Counselling to Commit an Offence

Did David Suzuki commit a crime under s.22 of the Criminal Code of counselling to commit the offence of arson by "warning" against pipelines being blown up?

Arson, Pipelines, and Protest

David Suzuki was quoted in the National Post today with a warning that “pipelines will be blown up” if political leaders don’t do something about climate change.

This follows an article in the Guardian on Nov. 18, in which Andreas Malm set the “moral case for destroying fossil fuel infrastructure”.

Public Debate and Calls for Violence

I am all for public debate and the exchange of ideas. I don’t think that Mr. Suzuki committed a criminal offence here. However, at what point does a “warning” turn into a threat, veiled or not?  This is the sort of thing mobsters did for protection money—“Nice little store you’ve got here… It be would a shame if someone would come burn it down. I can offer you protection from such things.”  

Mr. Malm may have actually counselled the commission of the offence of arson. He writes:

So what do we do?

We could destroy the machines that destroy this planet. If someone has planted a time bomb in your home, you are entitled to dismantle it. More to the point, if someone has placed an incendiary device inside the high-rise building where you live, and if the foundations are already on fire and people are dying in the cellars, then many would believe that you have an obligation to put the device out of action.

This is the moral case which, I would argue, justifies destroying fossil fuel property. That is completely separate from harming human bodies, for which there is no moral case.

The Guardian, Nov. 18, 2021

Both of these articles are close to being criminal offences in Canada, with Mr. Malm likely having crossed the line. Section 22 of the Criminal Code states:

Person counselling offence

22 (1) Where a person counsels another person to be a party to an offence and that other person is afterwards a party to that offence, the person who counselled is a party to that offence, notwithstanding that the offence was committed in a way different from that which was counselled.


(2) Every one who counsels another person to be a party to an offence is a party to every offence that the other commits in consequence of the counselling that the person who counselled knew or ought to have known was likely to be committed in consequence of the counselling.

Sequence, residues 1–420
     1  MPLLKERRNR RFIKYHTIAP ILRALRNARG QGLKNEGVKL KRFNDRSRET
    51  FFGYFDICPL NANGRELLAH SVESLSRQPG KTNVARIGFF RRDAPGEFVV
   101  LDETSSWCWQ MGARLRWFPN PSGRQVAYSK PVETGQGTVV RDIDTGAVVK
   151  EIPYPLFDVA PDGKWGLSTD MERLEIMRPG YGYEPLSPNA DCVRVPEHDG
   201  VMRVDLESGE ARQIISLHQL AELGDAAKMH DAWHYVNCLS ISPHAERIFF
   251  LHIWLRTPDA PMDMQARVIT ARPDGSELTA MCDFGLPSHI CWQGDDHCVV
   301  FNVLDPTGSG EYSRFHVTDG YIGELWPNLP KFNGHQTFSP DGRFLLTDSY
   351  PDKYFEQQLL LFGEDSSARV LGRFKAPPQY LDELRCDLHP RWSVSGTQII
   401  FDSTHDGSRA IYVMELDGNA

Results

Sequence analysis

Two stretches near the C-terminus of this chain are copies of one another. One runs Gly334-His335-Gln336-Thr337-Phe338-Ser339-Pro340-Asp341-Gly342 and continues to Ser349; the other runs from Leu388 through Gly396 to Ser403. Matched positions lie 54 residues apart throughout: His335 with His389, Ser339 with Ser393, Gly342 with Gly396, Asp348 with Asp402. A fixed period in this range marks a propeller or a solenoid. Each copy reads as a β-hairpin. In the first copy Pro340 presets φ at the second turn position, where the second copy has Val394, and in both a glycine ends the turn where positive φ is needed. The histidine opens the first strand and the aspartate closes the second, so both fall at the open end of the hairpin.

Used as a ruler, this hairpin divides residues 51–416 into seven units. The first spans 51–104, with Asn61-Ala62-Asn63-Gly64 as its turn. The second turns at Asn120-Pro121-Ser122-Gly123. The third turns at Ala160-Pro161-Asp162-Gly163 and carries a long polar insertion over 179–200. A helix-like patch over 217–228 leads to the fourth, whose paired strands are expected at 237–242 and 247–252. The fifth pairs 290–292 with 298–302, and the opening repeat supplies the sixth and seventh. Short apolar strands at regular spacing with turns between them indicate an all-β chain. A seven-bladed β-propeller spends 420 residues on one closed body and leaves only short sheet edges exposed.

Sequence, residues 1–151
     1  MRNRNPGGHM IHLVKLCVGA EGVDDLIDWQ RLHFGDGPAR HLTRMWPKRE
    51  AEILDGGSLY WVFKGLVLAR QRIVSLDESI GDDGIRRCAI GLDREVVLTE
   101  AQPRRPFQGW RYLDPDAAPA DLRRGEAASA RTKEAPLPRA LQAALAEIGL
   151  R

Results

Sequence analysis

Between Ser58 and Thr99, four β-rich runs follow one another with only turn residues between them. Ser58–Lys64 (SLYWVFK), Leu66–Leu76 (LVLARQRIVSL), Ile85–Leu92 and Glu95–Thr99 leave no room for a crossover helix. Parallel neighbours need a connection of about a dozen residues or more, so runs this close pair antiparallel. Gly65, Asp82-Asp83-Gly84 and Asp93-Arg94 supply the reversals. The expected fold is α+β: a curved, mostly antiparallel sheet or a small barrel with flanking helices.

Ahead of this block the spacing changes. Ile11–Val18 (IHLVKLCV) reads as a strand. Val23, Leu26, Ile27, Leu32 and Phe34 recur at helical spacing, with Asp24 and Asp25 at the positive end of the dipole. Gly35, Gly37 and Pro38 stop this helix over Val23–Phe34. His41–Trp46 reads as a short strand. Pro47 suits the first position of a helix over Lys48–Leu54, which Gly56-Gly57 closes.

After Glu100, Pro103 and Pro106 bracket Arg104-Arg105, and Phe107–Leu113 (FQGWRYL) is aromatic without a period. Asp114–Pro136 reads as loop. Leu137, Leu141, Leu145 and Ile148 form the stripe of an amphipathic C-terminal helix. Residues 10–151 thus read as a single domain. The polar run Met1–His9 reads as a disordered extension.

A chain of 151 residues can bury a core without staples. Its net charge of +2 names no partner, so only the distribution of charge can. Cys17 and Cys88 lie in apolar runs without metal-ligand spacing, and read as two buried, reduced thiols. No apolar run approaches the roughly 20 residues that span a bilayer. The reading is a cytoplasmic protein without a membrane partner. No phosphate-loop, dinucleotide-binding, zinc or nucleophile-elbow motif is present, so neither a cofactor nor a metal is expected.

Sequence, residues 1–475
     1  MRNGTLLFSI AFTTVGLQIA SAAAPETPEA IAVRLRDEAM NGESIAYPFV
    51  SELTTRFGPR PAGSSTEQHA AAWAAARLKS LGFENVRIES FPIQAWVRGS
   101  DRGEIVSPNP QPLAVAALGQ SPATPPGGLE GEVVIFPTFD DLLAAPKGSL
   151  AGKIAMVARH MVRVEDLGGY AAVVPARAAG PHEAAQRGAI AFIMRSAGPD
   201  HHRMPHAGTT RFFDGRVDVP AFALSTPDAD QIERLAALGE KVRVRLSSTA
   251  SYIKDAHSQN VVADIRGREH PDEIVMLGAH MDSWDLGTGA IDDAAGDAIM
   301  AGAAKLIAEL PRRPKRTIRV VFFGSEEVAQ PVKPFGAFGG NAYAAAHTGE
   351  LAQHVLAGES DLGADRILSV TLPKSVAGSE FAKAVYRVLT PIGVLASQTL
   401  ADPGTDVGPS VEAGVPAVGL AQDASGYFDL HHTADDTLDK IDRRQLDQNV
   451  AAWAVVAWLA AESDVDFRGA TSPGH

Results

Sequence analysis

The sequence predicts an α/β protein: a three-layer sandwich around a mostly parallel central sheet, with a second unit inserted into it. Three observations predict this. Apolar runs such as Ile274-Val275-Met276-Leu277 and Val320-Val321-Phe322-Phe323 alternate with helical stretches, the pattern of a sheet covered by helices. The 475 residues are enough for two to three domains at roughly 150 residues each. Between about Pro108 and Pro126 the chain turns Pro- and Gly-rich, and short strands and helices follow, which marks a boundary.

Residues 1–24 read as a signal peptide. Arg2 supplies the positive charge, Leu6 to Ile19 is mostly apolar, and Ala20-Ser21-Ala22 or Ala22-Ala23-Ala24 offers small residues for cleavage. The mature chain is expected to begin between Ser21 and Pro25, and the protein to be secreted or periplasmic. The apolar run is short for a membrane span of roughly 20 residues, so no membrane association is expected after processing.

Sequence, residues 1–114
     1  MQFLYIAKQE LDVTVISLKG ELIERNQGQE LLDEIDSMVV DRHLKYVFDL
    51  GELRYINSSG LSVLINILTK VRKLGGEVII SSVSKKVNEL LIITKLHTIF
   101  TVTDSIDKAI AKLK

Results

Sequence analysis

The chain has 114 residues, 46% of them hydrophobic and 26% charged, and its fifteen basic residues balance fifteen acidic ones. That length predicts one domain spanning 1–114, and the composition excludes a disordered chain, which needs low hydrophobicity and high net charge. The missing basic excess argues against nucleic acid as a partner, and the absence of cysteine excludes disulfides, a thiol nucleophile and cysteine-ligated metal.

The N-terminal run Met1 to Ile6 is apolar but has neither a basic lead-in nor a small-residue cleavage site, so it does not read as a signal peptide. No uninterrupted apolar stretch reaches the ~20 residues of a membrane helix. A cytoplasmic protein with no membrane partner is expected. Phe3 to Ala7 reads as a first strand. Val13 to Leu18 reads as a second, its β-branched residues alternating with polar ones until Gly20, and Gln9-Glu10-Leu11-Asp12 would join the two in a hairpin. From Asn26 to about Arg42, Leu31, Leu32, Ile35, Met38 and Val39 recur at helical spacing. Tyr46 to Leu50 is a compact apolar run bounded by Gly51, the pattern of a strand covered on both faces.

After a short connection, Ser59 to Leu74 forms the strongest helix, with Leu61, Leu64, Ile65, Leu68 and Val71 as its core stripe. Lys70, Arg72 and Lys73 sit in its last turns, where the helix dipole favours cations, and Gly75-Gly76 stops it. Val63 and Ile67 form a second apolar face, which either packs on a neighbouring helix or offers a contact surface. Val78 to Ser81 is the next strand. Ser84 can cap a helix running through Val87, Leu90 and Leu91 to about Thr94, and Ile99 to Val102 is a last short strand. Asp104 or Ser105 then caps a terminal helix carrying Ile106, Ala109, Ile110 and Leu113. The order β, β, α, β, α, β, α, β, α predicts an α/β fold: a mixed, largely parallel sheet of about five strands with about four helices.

Definition of “counsel”

(3) For the purposes of this Act, “counsel” includes procure, solicit or incite.

R.S., 1985, c. C-46, s. 22; R.S., 1985, c. 27 (1st Supp.), s. 7.

The Supreme Court of Canada considered counselling the commit an offence in R. v. Hamilton, 2005 SCC 47 ( and spelled out the mental element and the actions required to commit the offence.

Simply put, if a writer or public figure, or anyone really, counsels or persuades or induces the commission of a criminal offence, then that person is a party to the offence and also guilty of that offence. So, for example, if you counsel the “blowing up of a pipeline” and then someone goes and blows up a pipeline as a result of you counselling blowing up a pipeline, and you were trying to get a pipeline blown up or were reckless about the risk that it would happen, then you are also guilty of blowing up a pipeline.

Blowing up a pipeline is arson, in s.434 of the Criminal Code, and carries a maximum sentence of 14 years in prison. If someone dies in the arson, then it’s murder, notwithstanding you didn’t intend to kill anybody, and then it is life imprisonment.

Oil wells, refineries, pipelines, and most hydrocarbon installations are full of explosive and flammable liquids and gases under high temperatures and pressures. “Blowing up a pipeline” is not some trivial exercise in protest. This sort of thing can cause millions or billions of dollars of damage, immense human suffering, deaths, and large hydrocarbon spills. I thought those were supposed to be bad. By Mr. Malm’s logic, the 800 oil wells dynamited in Kuwait by the retreating Iraqi army in 1991 were an incredibly wonderful blow struck for the climate, rather than an environmental catastrophe that looked like this:

1991 Kuwait oil wells burning

Reckless and loose talk of violence is always dangerous—you never know who it might “inspire”. The 21st and 20th centuries have been distressingly full of violent nut jobs who thought they were not subject to the law or to basic decency. Violence should never be encouraged.